Militants in Afghanistan fired heavy weapons across the border into a Pakistani military outpost overnight, killing three personnel, the army said Saturday, in the latest violence to rattle the volatile region.
A firefight ensued with the militants firing toward the army post in Pakistan’s rugged North Waziristan region, and several were killed, the statement said. There was no immediate way to independently confirm details of the attack.
It comes as Afghanistan is reeling from a series of explosions in recent days, including the bombing of a mosque in northern Kunduz province on Friday that killed 33 people, including several students of an adjacent religious school or madrassa.
The striking increase in attacks in Afghanistan — as well as in neighboring Pakistan — highlights the growing security challenge facing Afghanistan’s Taliban rulers, who swept to power last August in the closing days of the chaotic withdrawal of American and NATO troops ending their 20-year war .
Even as their harsh religiously edicts, which seemed reminiscent of their motivated late 1990s rule, drew harsh criticism, their seemingly heavy-handed approach to security brought early expectations of improved safety.
However a vicious Islamic State affiliate known as the Islamic State in Khorasn Province, or IS-K — which claimed the recent spate of attacks in Afghanistan as well as a growing number in neighboring Pakistan — is proving an intractable challenge.
IS-K took responsibility for a series of attacks across Afghanistan on Thursday, most of which targeted the country’s minority Shiites who revile the radical Sunni Muslim group as heretics.
Still, the IS-K, which is an enemy of Afghanistan’s Taliban rulers, is not the only militant organization in Afghanistan contributing to the security dilemma facing Kabul’s religiously driven government.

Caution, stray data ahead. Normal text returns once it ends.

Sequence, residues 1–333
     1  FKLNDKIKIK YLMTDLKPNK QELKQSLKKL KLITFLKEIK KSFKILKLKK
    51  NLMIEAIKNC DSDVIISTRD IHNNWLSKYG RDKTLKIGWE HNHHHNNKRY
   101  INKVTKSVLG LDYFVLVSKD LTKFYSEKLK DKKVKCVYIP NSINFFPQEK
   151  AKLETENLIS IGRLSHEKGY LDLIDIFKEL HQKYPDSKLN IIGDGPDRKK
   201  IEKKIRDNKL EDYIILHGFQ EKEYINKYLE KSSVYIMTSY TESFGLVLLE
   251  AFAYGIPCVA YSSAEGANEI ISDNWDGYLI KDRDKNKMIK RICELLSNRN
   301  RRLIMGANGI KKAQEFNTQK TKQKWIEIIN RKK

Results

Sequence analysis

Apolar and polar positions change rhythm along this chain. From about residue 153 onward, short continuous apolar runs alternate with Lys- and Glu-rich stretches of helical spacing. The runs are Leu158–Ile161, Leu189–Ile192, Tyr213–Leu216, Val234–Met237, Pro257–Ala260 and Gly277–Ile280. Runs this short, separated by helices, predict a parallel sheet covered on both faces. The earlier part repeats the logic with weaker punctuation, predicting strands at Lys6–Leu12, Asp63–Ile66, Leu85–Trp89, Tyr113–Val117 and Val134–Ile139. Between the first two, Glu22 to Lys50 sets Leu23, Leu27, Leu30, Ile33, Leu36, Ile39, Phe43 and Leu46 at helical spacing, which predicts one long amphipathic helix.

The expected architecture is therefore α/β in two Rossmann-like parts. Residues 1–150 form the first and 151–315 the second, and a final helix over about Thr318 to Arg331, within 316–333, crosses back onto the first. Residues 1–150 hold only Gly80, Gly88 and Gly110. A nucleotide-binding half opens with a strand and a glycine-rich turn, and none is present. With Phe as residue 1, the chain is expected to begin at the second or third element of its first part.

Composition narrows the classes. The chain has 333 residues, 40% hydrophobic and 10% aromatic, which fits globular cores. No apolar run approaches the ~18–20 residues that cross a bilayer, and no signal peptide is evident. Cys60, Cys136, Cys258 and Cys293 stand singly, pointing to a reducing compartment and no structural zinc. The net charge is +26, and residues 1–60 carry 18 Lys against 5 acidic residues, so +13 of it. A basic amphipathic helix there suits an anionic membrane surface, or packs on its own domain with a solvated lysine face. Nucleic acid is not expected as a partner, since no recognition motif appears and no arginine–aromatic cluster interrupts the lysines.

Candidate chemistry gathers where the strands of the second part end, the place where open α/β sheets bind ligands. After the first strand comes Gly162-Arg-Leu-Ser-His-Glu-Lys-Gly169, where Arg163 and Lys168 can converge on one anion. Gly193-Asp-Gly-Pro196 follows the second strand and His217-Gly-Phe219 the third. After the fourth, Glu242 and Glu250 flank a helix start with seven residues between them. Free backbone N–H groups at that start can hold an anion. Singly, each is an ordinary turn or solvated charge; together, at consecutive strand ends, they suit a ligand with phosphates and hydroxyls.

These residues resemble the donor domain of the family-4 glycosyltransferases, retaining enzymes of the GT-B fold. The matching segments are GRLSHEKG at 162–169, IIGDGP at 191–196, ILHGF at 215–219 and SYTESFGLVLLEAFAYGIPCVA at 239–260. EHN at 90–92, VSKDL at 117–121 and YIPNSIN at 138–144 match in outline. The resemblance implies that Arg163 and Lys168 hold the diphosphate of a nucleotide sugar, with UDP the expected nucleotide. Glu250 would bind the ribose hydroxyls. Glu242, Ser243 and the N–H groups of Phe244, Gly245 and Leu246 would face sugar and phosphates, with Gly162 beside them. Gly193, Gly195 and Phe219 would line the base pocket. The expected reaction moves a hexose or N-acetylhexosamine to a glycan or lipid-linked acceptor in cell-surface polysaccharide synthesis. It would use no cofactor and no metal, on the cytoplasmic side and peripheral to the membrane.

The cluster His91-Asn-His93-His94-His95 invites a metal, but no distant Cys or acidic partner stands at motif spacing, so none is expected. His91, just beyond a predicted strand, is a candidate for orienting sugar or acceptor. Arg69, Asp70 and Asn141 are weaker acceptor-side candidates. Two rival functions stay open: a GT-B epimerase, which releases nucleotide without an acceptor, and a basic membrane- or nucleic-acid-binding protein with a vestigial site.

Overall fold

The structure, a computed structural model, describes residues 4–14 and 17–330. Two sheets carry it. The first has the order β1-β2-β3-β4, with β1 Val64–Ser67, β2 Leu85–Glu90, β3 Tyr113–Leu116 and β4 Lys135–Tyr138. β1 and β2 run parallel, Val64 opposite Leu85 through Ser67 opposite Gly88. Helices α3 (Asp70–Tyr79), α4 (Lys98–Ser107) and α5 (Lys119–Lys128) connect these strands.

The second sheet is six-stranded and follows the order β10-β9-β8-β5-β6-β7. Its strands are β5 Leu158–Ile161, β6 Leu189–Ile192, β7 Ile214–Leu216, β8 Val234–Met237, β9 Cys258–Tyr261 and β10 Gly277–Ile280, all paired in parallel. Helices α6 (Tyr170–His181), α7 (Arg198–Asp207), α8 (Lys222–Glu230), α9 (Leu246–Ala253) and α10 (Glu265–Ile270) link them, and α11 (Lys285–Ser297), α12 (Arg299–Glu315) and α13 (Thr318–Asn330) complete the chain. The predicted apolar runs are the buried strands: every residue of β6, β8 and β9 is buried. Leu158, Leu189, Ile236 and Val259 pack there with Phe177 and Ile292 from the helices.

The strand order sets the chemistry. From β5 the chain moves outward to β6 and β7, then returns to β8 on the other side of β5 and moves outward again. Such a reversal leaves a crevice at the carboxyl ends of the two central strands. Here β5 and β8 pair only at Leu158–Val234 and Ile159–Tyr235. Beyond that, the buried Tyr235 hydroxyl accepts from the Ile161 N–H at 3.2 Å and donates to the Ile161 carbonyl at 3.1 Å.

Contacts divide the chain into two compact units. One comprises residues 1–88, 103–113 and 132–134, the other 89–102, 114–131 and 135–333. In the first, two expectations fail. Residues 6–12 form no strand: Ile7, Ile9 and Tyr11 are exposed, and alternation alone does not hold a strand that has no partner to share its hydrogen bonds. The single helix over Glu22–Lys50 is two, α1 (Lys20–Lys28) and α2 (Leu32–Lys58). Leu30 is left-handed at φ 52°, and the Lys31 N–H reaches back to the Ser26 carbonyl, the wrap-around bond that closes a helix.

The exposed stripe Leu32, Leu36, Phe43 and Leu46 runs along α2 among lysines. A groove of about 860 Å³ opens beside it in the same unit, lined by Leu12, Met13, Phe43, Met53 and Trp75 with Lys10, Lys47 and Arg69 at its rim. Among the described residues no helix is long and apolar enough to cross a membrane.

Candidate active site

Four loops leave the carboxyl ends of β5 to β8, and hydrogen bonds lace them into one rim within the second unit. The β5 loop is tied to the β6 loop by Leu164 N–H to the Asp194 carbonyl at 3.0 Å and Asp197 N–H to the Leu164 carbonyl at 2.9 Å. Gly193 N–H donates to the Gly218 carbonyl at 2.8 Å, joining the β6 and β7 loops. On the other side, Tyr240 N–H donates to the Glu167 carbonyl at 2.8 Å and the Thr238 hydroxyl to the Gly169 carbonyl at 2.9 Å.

The violent Pakistani Taliban, known as the Tehreek-e-Taliban Pakistan or (TTP) — which the United Nations says numbers around 10,000 in Afghanistan — has stepped up its assault on Pakistan’s military outposts from its Afghan hideouts. Even the upstart IS-K has taken responsibility for some of the attacks targeting Pakistani military personnel, damaging relations between the two countries.
Afghanistan’s Taliban rulers have promised no militant group would use its soil as a base to attack another country, but Kabul has yet to arrest or hand over any TTP leaders in Afghanistan to Pakistan. Other militant groups also operating in Afghanistan include China’s militant Uighurs of East Turkistan Movement, which seeks independence for northwest China, and the Islamic Movement of Uzbekistan (IMU).
Some of the groups are loosely allied to the IS-K , while others act more independently, but on Saturday Pakistan’s military statement warned Afghanistan’s Taliban rulers to do more.
“Pakistan strongly condemns the use of Afghan soil by terrorists for activities against Pakistan and expects that the Afghan Government will not allow conduct of such activities, in future,” said the Pakistan military statement.
After seven of its troops were killed in an ambush earlier this month, Pakistan on April 16 retaliated with bombing raids inside Afghanistan that locals in Afghanistan’s eastern Khost province said killed dozens of refugees. The United Nations Education Fund (UNICEF) confirmed 20 children were killed in the strikes in Afghanistan’s border provinces of Khost and Kunar.
Meanwhile on Saturday the Abdul Rahim Shaheed School, which was among the IS-K targets in the Thursday attacks, re-opened. As many as seven students were killed in the attacks. The principal handed each student a pen and a flower as they began classes on Sunday.
Associated Press Writer Tameem Akhgar in Islamabad and Mohammad Shoaib Amin in Kabul, Afghanistan contributed to this report.
George Holan is chief editor at Plainsmen Post and has articles published in many notable publications in the last decade.